Can variations clauses be invoked over pandemic-driven changes to the way construction projects are being run?

Michael Sergeant

The main focus for contractors working out how to claim relief and compensation for the impact of covid-19 has been to look at the force majeure and change in law provisions in their contracts. But it may also be worth considering the options under the more tried and tested variations clause.

We are normally used to citing this clause when there are changes to the permanent works. Indeed, the crisis has triggered many such changes; for example, where specified equipment is no longer available. Yet the impact of covid-19 has more especially been felt in the way that sites have changed the way they operate; for example, by introducing revised methods of working. A variations clause can compensate for this type of change but a great deal will depend on how the scope of work is defined. In particular, it will be necessary to carefully examine the various contractual documents to see whether the contractor is entitled to work in accordance with a specified method.

The issue is neatly illustrated by the 1997 case, Strachan & Henshaw vs Stein (1997) 87 BLR 52. S&H was employed to install and commission generators at a power station being constructed at St Neots in Cambridgeshire. The contractor initially based its site facilities camp immediately adjacent to where its operatives were working. However, shortly into the project, S&H was instructed to move the camp. As a result, its operatives ended up with a half-mile walk every time they wanted to use the facilities. The change caused a significant reduction in efficiency and led a substantial claim being brought.

For the purposes of the case, it was assumed the contract stipulated that the site camp should be based in the original location. Despite this, the contractor lost because of the limited scope of the variations clause, which stated that variations meant “any alteration to the works whether by way of addition, modification or omission”. The term “works” was defined as “work to be done by the contractor under the contract”. The Court of Appeal found that this definition of “works” did not encompass the arrangements for operatives to be transported to the workface as it only covered the actual site construction work (the permanent work).

Fortunately for most contractors, the commonly used UK standard forms contain wider definitions of both the work scope and variations. For example, the FIDIC Yellow Book 1999 defines “variation” as including any change to the employer’s requirements or the works, which is in turn defined as including both permanent works and temporary works. The JCT D&B 2016 defines “change” to include various alterations to the way the work is organised on site, including changes to site access or limitations on working space or hours. Under NEC4, compensation events include an instruction changing the scope, which is defined as information that either specifies and describes the work or states any constraints on how the contractor provides them.

Most UK contractors will be operating under contracts that allow for instructed changes to site procedures to be variations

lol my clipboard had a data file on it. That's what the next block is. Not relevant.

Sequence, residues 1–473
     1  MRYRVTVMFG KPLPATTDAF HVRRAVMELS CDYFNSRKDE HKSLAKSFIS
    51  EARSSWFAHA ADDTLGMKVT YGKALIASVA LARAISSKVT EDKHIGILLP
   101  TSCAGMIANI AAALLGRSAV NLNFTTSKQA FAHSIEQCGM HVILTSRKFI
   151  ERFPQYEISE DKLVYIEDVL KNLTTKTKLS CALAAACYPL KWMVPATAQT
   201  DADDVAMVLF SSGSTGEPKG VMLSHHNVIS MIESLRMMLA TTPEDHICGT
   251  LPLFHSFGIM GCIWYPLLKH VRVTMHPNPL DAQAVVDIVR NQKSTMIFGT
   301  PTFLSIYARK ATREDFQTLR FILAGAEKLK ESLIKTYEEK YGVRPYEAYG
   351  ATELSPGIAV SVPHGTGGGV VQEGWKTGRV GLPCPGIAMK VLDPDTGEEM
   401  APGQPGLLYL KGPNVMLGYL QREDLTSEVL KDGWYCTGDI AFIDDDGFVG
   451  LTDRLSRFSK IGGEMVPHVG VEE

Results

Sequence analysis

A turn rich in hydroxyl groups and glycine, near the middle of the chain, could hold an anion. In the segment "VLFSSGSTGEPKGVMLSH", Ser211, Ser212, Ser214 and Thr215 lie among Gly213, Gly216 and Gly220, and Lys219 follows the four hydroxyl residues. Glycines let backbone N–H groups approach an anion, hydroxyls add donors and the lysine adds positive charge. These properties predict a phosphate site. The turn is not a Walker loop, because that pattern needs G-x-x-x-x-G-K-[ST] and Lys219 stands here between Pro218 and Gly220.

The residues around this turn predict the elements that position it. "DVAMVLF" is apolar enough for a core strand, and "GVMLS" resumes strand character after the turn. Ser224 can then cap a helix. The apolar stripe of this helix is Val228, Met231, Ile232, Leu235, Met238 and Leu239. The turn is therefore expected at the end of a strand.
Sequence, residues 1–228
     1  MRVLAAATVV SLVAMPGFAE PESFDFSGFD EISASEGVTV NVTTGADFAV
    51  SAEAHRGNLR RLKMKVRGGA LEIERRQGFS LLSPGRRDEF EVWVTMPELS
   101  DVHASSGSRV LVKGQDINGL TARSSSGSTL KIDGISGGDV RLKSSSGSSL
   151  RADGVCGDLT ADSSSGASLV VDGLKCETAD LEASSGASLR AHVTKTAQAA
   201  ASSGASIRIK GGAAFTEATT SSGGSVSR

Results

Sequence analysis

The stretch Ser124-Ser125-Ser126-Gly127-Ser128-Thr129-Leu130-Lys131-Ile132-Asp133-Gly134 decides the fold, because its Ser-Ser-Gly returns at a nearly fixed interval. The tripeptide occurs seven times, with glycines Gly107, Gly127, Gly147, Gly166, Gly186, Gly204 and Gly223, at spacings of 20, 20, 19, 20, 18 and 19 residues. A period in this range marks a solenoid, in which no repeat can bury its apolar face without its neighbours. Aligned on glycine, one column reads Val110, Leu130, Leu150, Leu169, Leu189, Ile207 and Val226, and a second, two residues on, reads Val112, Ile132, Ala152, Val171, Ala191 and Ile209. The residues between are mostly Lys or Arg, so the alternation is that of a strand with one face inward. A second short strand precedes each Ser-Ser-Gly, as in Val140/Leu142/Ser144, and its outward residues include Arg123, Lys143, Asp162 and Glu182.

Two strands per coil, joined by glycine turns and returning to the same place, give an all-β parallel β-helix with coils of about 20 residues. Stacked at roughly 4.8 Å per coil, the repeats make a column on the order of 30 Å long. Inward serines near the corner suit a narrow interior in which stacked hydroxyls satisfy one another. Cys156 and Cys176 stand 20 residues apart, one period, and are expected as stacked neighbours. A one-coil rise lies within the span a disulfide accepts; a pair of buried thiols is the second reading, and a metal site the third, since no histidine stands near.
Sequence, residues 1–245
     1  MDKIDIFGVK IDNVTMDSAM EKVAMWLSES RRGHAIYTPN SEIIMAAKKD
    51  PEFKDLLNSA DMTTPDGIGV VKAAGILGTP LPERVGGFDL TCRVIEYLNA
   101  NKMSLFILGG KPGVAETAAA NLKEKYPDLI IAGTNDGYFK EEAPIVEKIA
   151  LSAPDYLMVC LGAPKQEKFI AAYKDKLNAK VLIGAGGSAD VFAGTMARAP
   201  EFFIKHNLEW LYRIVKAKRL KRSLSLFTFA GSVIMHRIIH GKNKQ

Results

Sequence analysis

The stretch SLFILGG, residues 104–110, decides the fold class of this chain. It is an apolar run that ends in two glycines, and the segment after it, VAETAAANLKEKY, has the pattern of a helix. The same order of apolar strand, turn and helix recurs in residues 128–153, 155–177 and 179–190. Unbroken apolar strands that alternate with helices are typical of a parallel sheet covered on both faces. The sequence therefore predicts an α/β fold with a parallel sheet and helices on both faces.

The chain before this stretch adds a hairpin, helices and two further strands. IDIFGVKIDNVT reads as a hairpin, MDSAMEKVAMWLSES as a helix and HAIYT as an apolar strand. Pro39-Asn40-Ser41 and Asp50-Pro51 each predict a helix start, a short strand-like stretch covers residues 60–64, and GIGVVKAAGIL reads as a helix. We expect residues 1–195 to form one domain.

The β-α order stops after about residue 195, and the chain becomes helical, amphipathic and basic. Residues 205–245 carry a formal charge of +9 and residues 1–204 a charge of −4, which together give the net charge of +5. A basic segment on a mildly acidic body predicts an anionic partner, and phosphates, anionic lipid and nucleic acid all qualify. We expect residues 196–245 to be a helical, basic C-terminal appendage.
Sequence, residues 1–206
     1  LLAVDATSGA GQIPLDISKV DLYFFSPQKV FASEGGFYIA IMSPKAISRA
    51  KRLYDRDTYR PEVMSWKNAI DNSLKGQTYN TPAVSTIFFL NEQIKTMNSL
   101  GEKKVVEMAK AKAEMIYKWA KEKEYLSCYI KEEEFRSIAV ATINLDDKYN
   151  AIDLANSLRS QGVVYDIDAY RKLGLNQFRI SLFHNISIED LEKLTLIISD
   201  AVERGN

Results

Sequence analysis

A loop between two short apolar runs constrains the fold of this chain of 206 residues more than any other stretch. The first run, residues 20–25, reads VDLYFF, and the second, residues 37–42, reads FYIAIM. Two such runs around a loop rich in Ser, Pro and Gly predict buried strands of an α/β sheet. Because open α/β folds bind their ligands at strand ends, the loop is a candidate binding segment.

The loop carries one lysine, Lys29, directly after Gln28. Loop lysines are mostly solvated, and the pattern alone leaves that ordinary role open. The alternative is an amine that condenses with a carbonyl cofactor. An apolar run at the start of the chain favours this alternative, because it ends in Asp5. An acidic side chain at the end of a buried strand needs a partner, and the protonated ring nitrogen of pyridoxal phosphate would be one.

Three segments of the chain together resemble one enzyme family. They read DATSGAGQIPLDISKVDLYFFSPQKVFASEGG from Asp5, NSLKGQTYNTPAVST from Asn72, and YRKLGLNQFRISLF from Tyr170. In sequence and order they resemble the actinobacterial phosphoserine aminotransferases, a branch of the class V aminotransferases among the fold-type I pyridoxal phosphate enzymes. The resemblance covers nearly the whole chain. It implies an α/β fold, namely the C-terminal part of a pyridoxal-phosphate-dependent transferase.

In short, therefore, most UK contractors will be operating under contracts that allow for instructed changes to site procedures to be variations. The challenge, however, will be in establishing that new working arrangements amount to a change to the contractor’s duties under its contract. Take as an example the CLC’s Site Operating Procedures. It seems to be generally recognised that a contractor’s duty to implement the SOPs arises as a consequence of the Construction (Design and Management) Regulations 2015 (CDM Regulations), which impose various duties – for example, a duty to manage the works to ensure that they are carried out as safely as reasonably practicable (regulation 13). A contractor will have an underlying duty to comply with the CDM Regulations and must take the burden of the risk (and cost) of doing so.

A change to a contractor’s scope will not qualify as contract variation if it involves something that is part of their underlying risk allocation

A change to a contractor’s scope will not qualify as contract variation if it involves something that is part of their underlying risk allocation. For example, if it transpires that a specified item of equipment is inadequate then a design and build contractor cannot claim extra. The contractor’s design obligation means that this is its risk and it is not a variation. The same issue may prevent a contractor claiming that compliance with SOPs is a variation. If compliance is an underlying duty under its contractual obligation via the CDM Regulations, then it cannot be a variation.

This is not to say that no changes to site procedures will qualify as variations. Employers may well impose alterations to the way in which the contractor is required to carry out the work or organise its site which go beyond the CDM Regulations.

If a contractor can make its claim on the basis that it is a variation, this has advantages over other types of claim. A right to both time and money will be triggered and compensation will be based on prices rather than cost, making entitlement easier to establish and potentially more lucrative.

Michael Sergeant is a partner in the construction team at HFW and co-author of Construction Contract Variations.